K.C. Armstrong is a Kelowna, British Columbia born photographer now based in Los Angeles, California, who focuses on portraiture— capturing the essence of celebrities, sports stars, and advertising. His work is not only in the still world, but also that of motion. Last year he shot Kevin Pillar of the Toronto Blue Jays for a still and television shoot for Adidas’s #newSPEED campaign. K.C. got the job through DDB Canada, and shot the spot outdoors in Tampa, Florida during spring training. The shoot was eight hours long, which may seem like a lot of time, but considering there was a still and motion component to the campaign, the timeline was strict. The motion was entirely daylight lit, with a bit of bounce here and there, and the stills were a mix of available light and high speed Broncolor strobes.
When asked how he sees directing versus shooting stills, K.C. finds a set to be a bit more stressful when motion is involved, as there are way more moving pieces. This learning curve aside, he quite enjoys being on the direction side of things, where he is able to work with a Director of Photography, so he can focus more on what is happening in front of the camera, rather that looking through the lens himself. His directing process is a mix of being hands on and letting things flow in front of him. It is important for him to keep things fun and light on set, allowing his personality to shine through to make a comfortable working environment for everyone, subject and crew alike.
Earlier this year K.C. worked on a set for JBL focusing on the French soccer player, Raphaël Varane. This assignment was more of a motion shoot where they shot stills at the end of the day. The shoot took place in a smaller soccer stadium in Madrid, Spain, on a 12 hour shoot day. And this set wasn’t your typical set, as there were three different languages going on. The crew only spoke Spanish, Raphaël only spoke French, and then K.C. English. There were translators alongside them to help get direction out to the crew and Raphaël. K.C. finds he gets these kinds of jobs because people know he can handle the chaotic nature of those rare types of shoots.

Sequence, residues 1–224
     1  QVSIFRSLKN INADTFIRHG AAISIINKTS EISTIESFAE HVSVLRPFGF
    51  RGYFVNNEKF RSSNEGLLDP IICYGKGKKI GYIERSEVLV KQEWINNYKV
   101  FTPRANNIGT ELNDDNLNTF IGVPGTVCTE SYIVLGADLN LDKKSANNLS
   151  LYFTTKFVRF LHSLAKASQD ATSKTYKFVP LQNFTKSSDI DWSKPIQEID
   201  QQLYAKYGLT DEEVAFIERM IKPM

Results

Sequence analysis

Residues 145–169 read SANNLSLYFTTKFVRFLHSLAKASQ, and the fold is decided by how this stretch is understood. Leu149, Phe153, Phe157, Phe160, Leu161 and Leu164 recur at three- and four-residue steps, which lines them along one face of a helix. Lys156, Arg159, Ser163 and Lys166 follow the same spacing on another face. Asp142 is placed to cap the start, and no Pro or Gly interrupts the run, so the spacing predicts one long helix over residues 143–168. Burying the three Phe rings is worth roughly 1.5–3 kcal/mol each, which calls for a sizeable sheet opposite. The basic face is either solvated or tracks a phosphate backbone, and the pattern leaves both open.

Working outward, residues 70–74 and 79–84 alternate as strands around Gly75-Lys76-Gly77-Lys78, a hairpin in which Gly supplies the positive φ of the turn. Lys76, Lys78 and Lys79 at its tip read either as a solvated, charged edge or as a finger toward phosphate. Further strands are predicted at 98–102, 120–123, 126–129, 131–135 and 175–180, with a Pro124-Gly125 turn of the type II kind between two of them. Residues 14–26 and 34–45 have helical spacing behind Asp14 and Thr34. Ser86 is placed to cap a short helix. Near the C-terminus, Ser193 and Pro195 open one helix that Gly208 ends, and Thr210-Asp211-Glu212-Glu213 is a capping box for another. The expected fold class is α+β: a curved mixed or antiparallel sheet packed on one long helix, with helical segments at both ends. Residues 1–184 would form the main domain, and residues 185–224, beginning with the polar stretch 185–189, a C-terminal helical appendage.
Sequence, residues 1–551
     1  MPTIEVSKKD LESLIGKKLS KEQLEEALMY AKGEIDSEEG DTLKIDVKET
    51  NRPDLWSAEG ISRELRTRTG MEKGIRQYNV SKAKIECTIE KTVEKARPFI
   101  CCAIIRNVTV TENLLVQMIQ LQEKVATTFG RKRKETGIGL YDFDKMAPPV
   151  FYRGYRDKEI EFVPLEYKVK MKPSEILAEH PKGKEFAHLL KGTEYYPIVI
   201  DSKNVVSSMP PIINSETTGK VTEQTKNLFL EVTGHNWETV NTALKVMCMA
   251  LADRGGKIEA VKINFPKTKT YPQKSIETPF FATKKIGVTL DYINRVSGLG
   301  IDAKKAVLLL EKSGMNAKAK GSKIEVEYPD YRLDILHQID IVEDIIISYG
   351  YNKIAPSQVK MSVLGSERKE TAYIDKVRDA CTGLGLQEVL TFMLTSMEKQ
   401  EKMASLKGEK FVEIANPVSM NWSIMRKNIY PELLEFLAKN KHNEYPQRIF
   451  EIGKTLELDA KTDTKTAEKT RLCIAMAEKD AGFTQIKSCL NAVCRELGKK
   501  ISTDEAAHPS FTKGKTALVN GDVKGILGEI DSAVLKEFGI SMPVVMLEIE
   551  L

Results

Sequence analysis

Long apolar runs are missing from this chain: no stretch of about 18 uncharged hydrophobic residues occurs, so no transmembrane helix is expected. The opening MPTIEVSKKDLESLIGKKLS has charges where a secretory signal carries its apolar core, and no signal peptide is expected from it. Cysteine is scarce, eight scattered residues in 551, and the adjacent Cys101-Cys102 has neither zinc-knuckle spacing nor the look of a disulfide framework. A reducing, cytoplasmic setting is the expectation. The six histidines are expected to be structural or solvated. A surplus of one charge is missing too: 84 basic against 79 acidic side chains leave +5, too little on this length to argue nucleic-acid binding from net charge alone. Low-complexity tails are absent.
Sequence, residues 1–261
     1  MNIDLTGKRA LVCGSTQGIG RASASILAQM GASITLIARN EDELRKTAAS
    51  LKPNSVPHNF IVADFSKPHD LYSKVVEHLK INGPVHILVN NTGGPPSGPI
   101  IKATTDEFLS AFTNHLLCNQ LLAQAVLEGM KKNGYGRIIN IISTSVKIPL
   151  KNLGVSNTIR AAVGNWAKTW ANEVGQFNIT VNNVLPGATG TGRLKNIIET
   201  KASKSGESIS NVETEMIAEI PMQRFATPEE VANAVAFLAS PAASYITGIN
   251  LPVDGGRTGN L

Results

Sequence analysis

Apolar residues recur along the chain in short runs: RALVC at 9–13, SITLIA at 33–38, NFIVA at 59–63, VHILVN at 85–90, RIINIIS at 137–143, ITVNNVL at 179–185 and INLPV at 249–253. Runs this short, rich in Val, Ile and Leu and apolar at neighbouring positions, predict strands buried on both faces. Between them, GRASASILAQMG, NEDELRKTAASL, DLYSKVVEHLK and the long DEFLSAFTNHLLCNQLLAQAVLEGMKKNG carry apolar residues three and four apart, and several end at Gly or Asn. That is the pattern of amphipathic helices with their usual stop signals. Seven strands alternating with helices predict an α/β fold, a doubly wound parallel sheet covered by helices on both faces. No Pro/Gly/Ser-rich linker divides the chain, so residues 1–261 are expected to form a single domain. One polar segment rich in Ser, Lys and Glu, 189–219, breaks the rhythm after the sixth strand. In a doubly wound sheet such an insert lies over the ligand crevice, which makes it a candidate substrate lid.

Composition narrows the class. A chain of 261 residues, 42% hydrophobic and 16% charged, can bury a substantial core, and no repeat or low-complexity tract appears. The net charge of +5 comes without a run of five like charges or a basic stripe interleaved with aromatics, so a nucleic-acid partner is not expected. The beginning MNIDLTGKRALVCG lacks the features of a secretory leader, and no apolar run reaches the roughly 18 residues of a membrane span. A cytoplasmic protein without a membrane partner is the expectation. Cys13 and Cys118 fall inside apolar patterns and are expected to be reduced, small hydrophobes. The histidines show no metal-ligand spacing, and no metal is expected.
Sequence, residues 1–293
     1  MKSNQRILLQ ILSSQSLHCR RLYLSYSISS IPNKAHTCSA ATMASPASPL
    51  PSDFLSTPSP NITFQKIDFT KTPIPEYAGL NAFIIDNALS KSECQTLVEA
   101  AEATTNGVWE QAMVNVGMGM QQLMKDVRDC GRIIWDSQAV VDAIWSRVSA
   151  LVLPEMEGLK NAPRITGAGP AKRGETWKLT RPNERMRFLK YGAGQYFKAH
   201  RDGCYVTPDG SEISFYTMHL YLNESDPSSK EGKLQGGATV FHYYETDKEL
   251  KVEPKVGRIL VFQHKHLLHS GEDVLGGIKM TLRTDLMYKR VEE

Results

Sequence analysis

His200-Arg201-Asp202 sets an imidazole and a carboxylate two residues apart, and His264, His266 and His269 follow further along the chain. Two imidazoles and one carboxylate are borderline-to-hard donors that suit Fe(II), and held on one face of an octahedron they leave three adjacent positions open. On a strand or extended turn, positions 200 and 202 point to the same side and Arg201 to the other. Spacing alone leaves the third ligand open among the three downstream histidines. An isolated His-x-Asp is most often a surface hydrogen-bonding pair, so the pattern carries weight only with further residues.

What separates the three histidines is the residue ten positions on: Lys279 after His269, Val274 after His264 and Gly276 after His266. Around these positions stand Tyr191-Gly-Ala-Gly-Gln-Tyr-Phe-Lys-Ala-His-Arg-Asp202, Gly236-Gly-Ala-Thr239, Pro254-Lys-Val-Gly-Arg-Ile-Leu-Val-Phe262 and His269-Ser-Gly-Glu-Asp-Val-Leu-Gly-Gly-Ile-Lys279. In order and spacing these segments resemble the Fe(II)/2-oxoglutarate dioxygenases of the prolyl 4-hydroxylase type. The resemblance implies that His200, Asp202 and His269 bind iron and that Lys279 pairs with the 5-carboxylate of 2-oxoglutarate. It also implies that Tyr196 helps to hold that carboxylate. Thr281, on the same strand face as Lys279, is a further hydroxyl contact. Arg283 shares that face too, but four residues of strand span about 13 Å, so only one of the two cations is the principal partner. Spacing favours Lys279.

When he’s not shooting athletes around the globe, K.C. also works with actors and actresses. Last fall he shot a campaign for a television show called Bellevue with the actress Anna Paquin. He received the job through CBC Network, located in Toronto, who he works with quite frequently. The shoot took place in Montreal, and he photographed each member of the cast over one day. Anna Paquin was the last subject to come before his lens, and he only had 15 minutes to get the shot. He could tell she was exhausted from a long day of work, so in order to get the shot he needed, he turned up his personality to make her comfortable for the 15 minutes he needed to take the perfect picture.
Another recent shoot of K.C.’s was with the actress Shenae Grimes-Beech for the key art of an indie film entitled Blood Honey. The basis of the story line is about a woman with a schizophrenic, split personality of sorts, and within seconds on set, Shenae was able to get into character and conjure up tears. This is one of the reasons K.C. loves to work with actors and actresses, because they are able to emote so much more powerfully than the average human can. This difference also comes into play when he compares working with athletes versus actors. An actor is much more comfortable, naturally, in front of the camera than an athlete is, who tend to be more stiff, which makes K.C. work harder to get something out of them. But on the plus side, he finds relates better to athletes due to his sports filled past, allowing him to get to them on the same level as their peers could. He doesn’t want being in front of a camera to feel like a stuffy environment for his subjects, so he opens them up to be themselves.